“Ricoeur [a French philosopher] thought we began our lives in the first naïveté: basically we take everything we are taught at face value. Some of us never move out of this stage in our spiritual formation and growth. We simply stay faithful to what we were taught at the beginning. But most of us, at some point, will encounter the second stage, which he called ‘critical distance.’ This is the time in our formation when we begin to… well, doubt. We begin to question. We hold our faith up to the light and see only the holes and inconsistencies […] but those who continue to press forward can find what Ricoeur called a second naïveté […] We take responsibility for what we believe and do. We understand our texts or ideas or practices differently, yes, but also with a sweetness because we are there by choice. As Richard Rohr writes, ‘the same passion which leads us away from God can also lead us back to God and to our true selves.'”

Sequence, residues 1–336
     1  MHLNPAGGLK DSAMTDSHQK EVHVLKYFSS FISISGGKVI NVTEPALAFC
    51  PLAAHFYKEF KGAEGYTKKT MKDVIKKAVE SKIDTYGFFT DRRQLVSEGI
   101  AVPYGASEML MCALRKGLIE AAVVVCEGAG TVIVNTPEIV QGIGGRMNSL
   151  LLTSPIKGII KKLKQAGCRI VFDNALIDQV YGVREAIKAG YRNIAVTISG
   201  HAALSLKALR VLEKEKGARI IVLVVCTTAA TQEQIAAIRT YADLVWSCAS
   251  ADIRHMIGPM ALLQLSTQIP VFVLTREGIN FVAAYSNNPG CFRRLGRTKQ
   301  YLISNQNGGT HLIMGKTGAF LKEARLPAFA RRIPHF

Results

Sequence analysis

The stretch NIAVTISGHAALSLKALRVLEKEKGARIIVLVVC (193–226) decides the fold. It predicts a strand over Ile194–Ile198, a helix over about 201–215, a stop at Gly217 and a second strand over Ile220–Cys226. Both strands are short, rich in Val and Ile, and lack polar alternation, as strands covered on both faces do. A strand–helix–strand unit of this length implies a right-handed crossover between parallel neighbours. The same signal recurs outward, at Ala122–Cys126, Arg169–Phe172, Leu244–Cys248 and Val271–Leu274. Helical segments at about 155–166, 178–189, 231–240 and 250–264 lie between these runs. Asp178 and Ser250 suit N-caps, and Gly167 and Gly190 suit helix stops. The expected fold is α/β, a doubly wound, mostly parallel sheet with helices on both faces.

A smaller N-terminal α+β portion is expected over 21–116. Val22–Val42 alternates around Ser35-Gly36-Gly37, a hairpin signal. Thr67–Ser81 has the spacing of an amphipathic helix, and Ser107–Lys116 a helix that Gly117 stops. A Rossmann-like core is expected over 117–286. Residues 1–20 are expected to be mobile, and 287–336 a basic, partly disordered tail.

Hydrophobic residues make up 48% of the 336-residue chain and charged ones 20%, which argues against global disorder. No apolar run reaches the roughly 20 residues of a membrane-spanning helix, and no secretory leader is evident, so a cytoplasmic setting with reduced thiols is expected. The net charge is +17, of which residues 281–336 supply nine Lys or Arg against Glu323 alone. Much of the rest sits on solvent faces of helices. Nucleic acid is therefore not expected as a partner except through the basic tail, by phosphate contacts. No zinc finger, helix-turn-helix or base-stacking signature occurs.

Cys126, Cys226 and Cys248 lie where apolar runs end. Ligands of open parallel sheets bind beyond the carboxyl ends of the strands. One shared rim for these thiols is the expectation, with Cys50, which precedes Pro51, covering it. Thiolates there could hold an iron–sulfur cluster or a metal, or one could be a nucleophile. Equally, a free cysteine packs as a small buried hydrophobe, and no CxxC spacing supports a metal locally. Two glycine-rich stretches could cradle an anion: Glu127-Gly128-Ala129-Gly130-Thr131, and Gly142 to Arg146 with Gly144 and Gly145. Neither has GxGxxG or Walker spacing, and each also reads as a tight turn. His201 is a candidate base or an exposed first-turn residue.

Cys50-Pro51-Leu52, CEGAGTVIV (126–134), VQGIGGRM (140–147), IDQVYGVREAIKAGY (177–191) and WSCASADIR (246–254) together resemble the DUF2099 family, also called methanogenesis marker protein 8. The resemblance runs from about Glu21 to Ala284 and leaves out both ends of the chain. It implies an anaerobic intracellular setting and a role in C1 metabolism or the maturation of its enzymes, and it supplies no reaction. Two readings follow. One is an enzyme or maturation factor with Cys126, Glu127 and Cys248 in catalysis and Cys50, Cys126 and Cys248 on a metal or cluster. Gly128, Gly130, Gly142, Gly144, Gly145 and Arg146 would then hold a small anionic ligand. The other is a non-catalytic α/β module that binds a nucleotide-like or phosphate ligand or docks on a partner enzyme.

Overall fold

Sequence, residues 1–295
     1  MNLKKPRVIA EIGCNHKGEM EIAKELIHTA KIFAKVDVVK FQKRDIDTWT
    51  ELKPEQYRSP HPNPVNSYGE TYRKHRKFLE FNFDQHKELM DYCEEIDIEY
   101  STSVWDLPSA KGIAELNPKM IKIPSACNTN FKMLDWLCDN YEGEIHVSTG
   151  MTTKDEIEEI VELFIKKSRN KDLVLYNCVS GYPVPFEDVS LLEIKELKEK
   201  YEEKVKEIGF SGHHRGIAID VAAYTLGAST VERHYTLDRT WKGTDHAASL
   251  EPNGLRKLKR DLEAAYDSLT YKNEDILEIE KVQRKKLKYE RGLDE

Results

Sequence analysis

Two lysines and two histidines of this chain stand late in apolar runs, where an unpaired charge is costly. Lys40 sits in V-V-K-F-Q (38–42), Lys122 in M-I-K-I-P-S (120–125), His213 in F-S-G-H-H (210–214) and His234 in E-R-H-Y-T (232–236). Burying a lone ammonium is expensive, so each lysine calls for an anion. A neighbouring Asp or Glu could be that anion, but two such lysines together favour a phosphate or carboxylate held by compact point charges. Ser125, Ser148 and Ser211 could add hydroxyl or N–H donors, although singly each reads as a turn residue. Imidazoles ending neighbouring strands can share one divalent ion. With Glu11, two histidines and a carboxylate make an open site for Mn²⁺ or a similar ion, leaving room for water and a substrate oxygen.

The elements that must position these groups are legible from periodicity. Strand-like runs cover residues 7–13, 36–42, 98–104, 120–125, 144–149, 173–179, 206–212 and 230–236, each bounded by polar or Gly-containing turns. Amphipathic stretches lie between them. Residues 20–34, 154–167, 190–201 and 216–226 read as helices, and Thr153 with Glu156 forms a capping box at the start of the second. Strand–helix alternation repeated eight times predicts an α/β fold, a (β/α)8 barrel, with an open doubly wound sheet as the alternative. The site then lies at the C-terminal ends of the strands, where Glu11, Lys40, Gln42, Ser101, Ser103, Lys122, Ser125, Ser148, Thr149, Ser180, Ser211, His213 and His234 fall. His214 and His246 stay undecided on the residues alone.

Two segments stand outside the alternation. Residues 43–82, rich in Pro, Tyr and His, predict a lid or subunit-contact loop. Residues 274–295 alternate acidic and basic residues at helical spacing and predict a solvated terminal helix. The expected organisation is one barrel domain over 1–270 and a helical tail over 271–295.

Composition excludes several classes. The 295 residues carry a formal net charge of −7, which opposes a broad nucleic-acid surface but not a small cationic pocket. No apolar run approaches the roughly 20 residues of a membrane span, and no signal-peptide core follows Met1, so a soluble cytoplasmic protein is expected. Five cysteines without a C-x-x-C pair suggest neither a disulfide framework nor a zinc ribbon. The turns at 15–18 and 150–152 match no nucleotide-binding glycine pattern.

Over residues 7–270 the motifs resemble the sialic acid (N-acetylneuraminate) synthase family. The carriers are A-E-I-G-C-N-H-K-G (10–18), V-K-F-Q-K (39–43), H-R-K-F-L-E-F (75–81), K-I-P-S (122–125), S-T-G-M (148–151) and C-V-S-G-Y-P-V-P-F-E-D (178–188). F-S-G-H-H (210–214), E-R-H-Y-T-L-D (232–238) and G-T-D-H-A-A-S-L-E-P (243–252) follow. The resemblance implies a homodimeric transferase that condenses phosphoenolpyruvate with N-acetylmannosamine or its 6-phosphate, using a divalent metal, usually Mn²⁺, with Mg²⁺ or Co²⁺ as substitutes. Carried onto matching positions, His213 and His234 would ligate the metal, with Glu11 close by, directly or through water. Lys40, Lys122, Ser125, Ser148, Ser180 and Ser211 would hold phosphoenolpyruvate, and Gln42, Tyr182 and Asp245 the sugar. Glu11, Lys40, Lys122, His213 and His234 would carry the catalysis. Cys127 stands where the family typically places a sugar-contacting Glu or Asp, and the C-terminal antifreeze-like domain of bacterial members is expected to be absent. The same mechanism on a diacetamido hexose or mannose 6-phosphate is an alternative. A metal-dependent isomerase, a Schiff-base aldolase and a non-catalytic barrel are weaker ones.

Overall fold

~ Sarah Bessey
The permission to put the breaks on my frantic prayers, to admit that I know so very little about the world and myself, to infuse breath into the questions that have begged to be noticed all along, has been so healing. The writing of this blog post that makes me sound as if I have 100% lost my innocent, faithful, obedient Christian mind feels immensely liberating. Because in my wild surrender to doubts and questioning, I have been rediscovering Jesus in untouched corners I never would have wandered before. It’s almost as if he has been waiting for me to close my Bible, shut my journal, and walk out of Church so he could smile and say, “hey, I’m out here too.” And I’ve been seeing him everywhere – in yoga poses that draw me back to breath, in late night cries on my couch with a best a friend, in watching an ocean sunset with my husband, in mid-day belly laughter with co-workers, in kind nurses and doctors, in book studies daring to tackle racism in church, and in the hope that as my pen begins to craft prayers once more, the questions and the doubts might just lead me into my second naïveté.